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Popular Health Foods: Buy or Skip?

It feels like there’s a new diet fad to try out or a new health food to taste test every week. Here’s a breakdown of the most recent crazes and whether or not they’re worth your time and money.

1. KaleKale has exploded on the health food market in recent months with endless recipes and possibilities from kale chips to juice and everything in between. Touted as a “super food,” kale purportedly has high calcium, Vitamin K, Vitamin C and beta carotene content.

Verdict: Buy. Kale, as a leafy green veggie, definitely has tons of nutritional benefits and is easily incorporated into your diet in smoothies, salads and snacks. That being said, don’t go overboard with it like Jake Gyllenhaal. An all-kale diet sounds both unhealthy and miserable.

2. Maple waterAccording to the DRINKmaple website, maple water is marketed as a “refreshing beverage naturally low in calories, gluten-free, dairy-free, vegan and non-GMO,” which is all kinds of b.s. In case you didn’t know, regular tap water is all of those things, and doesn’t cost almost $3.50 a bottle.

Verdict: Skip. Although maple water may contain high levels of manganese, which is great for bone and thyroid health, there haven’t been any verifiable scientific studies on the benefits of maple water. You’re better off drinking water and getting those necessary vitamins and minerals from your diet.

3. Greek yogurtGreek yogurt is another of one of those products that could only be found in health food sections of the grocery store before it exploded on the market. Now, aside from regular yogurt, you can find Greek yogurt covered pretzels, granola bars and even yogurt clusters in your cereal. It has double the protein when compared to regular non-strained yogurt.

Verdict: Buy... with discretion. With its high protein content, Greek yogurt is great. (Also, because John Stamos.) Be careful of buying yogurt with lots of fruit jellies and additives because those can raise the sugar content. Also, don’t fall for the “Greek yogurt-covered,” products or the “yogurt flavored,” items... you’re not getting any of the nutritional benefits of actual yogurt.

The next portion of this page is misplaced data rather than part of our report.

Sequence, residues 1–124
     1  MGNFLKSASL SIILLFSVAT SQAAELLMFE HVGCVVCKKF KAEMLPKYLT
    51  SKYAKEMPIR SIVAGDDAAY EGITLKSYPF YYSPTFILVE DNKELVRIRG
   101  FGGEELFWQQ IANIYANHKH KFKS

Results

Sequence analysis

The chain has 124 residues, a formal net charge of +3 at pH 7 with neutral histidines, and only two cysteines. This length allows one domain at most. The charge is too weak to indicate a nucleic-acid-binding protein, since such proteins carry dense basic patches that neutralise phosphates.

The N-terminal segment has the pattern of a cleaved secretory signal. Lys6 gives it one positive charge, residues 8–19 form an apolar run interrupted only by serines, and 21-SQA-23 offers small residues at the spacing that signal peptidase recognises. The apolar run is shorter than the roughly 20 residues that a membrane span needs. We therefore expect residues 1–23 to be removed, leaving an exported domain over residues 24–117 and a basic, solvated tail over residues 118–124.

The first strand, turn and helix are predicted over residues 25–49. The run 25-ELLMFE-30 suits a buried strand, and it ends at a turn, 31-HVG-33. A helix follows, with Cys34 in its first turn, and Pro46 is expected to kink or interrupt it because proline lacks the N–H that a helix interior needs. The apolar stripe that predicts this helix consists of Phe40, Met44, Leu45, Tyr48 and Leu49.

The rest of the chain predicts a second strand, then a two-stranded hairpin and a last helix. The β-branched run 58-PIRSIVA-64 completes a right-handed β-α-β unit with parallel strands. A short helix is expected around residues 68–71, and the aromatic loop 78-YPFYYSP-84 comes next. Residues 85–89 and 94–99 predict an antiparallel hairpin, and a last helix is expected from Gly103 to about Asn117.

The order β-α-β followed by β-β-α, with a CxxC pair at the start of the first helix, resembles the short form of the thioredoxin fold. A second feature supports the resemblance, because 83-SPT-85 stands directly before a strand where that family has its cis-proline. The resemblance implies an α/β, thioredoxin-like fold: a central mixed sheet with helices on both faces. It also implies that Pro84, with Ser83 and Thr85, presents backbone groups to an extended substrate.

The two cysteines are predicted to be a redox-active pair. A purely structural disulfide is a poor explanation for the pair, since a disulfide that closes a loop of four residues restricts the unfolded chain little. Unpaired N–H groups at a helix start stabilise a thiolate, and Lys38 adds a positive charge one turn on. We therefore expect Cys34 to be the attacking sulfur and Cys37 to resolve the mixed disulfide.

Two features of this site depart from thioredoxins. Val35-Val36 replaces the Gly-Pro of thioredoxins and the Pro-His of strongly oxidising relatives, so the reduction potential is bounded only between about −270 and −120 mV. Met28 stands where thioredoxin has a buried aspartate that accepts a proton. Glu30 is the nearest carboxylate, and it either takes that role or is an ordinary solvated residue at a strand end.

4. Chia seedsThe seed behind the infamous Chia pets of the 90s, chia seeds are now taking root in our grocery stores. Supposedly, chia seeds are amazing for weight loss and curbing your appetite and contain “super nutrients.”

Verdict: Buy... depending on what results you’re looking for. Chia seeds are great sources of fiber, omega-3 fatty acids and protein but don’t actually do much for weight loss according to some studies. They’re a great addition to your diet, but don’t look to them as a cure-all weight-loss aid.

5. Protein barsProtein bars are marketed as great ways to have complete nutrition when you’re on the go or leading an active lifestyle. They also come in a wide variety of appealing flavors that seem like an easy choice for a tasty, quick snack on the go.

Verdict: Buy... with discretion. Protein bars are a great snack if you’re looking for recovery after an intense workout, but be careful with what brand you buy and how often you eat them. A lot of protein bars have the same — if not more — number of calories as candy bars, and it’s easy to eat more than one because they’re sugar and calorie dense. Don’t rely on them as meal replacements, and look for protein bars with more than 20 grams of protein in them.

6. Juice cleansesSupposedly, going on a purely fruit and veggies juice diet is a quick way to shed pounds, “detox” your body and raise your energy levels.

Verdict: Skip. No matter what the commercials tell you, juices do not have the nutritional equivalent of eating fruits and veggies. You lose the fiber and nutrients that come from the flesh of the fruit and you also waste a lot of money on fancy machinery or bottled juices. They are fine every now and then to supplement your diet, but don’t use juices as complete meal replacements for days at a time.

Sometimes it’s easy to fall victim to the hype over popular health food trends, but don’t get caught up in clever marketing scams and celebrity endorsements. Make smart choices about the food you’re eating, and stay healthy!


Photo credit:www.veganyumminess.com

Antara Sinha is a sophomore journalism/pre-med major at the University of Florida. She is a contributing writer for USA Today College, and this is her third semester as a writer for Her Campus UFL. Her interests include health, science and lifestyle writing, and she plans on pursing medical and science journalism.
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